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OldGreyEagle

Education and Teacher Unions

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I didnt want to get specific in the parent thread as I want to talk specifically about Teacher Unions here.

 

First I agree with Lisabob's comment about going into teaching knowing that you wouldn't get rich. In the early 80's I was teaching at Indiana State University-Evansville (now the University of Southern Indiana). The school had many varied programs, one of which was a Mining Technology Program in the Engineering College. Graduates routinely made more than the professors and the University could not keep professors for very long as they kept leaving to work in the industry. The ones who stayed stayed because they couldnt get hired, and generally were a dour group

 

Then there is the other shoe falling

 

For quite awhile now the US has struggled with the Public Education System. We always seem to be behind other civilized countries in literacy, math skills ,science, or something like that. Big cities school systems tend to be more babysitting facilities than bastions of learning. Governors and Presidents run on platform of Educational Reform time and time again yet our Public Educational System pretty much still sucks.

 

Every year some local school system has negotiations with their TEachers Unions and a strike always seems to either occur of just get missed yet I do not ever hear anyone ever say that teachers have to improve the education level of the school or else. Well of course, the or else is the sticking point. Or else they get fired and someone else gets to teach? Presumably better, but if such uber teachers exist, are they not already employed? How do we increase the effectiveness of Public Education, are Unions needed or not? Do they help or hurt or are a non-factor? I recognize the need for Unions, but do they have a place in Education or again, is this just a red herring?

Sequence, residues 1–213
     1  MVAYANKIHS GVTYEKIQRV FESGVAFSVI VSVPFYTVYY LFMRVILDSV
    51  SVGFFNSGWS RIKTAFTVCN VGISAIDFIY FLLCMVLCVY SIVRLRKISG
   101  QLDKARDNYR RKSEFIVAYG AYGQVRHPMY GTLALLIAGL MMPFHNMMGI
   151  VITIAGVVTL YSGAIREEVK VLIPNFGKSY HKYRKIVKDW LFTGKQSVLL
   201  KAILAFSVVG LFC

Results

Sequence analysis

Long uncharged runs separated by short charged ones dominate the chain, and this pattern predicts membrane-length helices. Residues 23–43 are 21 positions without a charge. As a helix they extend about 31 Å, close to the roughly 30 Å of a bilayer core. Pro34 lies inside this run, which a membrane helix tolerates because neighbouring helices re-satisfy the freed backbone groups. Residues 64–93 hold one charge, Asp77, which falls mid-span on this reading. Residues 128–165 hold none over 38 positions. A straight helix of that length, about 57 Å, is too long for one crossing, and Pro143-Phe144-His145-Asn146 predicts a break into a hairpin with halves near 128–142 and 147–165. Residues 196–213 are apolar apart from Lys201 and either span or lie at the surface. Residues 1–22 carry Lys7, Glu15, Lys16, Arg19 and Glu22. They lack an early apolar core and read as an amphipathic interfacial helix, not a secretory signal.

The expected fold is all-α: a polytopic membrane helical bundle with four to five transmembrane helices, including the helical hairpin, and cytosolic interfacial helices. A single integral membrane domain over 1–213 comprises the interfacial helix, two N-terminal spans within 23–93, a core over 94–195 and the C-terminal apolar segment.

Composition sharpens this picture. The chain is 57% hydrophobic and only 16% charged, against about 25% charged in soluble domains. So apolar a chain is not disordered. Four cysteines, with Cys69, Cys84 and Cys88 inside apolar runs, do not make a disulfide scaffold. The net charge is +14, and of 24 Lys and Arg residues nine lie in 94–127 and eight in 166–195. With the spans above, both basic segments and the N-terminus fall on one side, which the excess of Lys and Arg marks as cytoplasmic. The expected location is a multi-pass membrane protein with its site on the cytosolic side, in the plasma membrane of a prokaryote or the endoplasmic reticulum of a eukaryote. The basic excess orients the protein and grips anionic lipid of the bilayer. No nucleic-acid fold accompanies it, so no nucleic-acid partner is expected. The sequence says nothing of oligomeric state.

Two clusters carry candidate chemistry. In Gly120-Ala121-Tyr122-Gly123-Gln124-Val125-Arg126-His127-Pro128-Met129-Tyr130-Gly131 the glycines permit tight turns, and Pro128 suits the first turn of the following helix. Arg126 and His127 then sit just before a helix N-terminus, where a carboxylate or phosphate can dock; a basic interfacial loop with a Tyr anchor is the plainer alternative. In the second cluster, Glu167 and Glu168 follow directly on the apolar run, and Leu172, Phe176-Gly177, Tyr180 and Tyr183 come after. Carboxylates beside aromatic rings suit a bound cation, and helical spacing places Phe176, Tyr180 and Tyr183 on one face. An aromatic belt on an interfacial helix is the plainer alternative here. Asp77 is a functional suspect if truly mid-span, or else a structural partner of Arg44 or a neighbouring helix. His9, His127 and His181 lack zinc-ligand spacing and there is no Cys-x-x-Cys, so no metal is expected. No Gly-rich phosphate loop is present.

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>>How do we increase the effectiveness of Public Education, are Unions needed or not? Do they help or hurt or are a non-factor? I recognize the need for Unions, but do they have a place in Education or again, is this just a red herring?

 

I prefer to let Bob Chanin, former NEA General Counsel, answer that question:

 

"Despite what some among us would like to believe it is not because of our creative ideas; it is not because of the merit of our positions; it is not because we care about children; and it is not because we have a vision of a great public school for every child.

 

The NEA and its affiliates are effective advocates because we have power. And we have power because there are more than 3.2 million people who are willing to pay us hundreds of million of dollars in dues each year because they believe that we are the unions that can most effectively represent them; the union that can protect their rights and advance their interests as education employees."

 

 

 

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I don't know, could be! All I know is in my experience with the teachers' union, the priorities are, in order: union interests, teachers' interests, students' interests, parents' interests.

 

I taught in middle school, but now I am in the private sector. As a teacher, it was frustrating to know that there was no opportunity for merit/performance-based pay. As a parent it has been frustrating to see mediocre or even poor teachers protected because of seniority.

 

I am painting with a broad brush here admittedly, but I can give specific examples. Here's one: we (parents) used to be recruited by teachers to come and help in the classroom as volunteers--reading, making copies, generally helping out. When the district needed to lay off a number of paid teachers' aides for budget reasons, a concession that had to be made to the union was that parents were no longer allowed to come help in the classroom.

 

That's proof of my priority order cited above. And I ask you, how does that help our children?(This message has been edited by 83eagle)